The Sarantine Mosaic, a duology consisting of Sailing to Sarantium and Lord of Emperors, by Guy Gavriel Kay.
It was an amazing coincidence, choosing to read The Sarantine Mosaic when I did. I had just read three books in a row about the early Byzantine Empire, and Belisaurius and Justinian in particular, and had no idea that I was continuing. I was keen to read more, but didn’t have a good pick lined up. I selected The Sarantine Mosaic without knowing that it was a fantasy version of exactly the same historical period and characters. It took me about three chapters to work it out. When I did, I was equally surprised and pleased.
Kay creates a dazzlingly detailed fantasy world by renaming all the people, places and things of that time. Sarantium is Byzantium, Batiara is Italy, Rhodias is Rome, Leontes is Belisaurius, Valerius is Justinian, and on and on. (He must have had extraordinary charts and lists to keep all the alternate reality vocabularly straight!) The effect is dazzling: no fantasy milieu is ever anywhere near as complex as reality!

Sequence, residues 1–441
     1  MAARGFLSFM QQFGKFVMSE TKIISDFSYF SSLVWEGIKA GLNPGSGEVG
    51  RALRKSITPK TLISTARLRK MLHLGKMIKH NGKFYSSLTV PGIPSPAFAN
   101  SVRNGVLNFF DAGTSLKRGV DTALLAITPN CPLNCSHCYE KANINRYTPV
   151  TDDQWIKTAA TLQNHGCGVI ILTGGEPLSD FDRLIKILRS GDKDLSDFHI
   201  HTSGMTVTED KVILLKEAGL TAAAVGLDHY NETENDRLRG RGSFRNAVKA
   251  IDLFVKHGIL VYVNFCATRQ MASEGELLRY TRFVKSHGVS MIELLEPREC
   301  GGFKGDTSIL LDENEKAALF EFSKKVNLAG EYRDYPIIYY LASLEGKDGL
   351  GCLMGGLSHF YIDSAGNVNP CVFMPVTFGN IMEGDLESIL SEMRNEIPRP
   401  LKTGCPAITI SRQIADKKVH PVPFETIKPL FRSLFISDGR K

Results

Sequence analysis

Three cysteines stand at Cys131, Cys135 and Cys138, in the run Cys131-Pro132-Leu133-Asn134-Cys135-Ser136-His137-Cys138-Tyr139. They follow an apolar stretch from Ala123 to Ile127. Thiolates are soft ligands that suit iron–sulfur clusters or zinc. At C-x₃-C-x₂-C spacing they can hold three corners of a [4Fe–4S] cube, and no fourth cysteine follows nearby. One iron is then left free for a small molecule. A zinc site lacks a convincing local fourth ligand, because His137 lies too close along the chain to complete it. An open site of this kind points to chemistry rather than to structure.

But as strongly grounded in real history as the book is, Kay brilliantly diverges and decorates with fantasy, and most of the drama of the story concerns completely fictional characters and details. It’s more fantasy than history, which I greatly enjoyed. I could not possibly have chosen a better way to continue my reading about that time.
My sole complaint is that the prose and characters get too maudlin, too often. Everything they experience is too profound and passionate, and I stopped believing it. What, another transcendent experience? It’s not even lunchtime!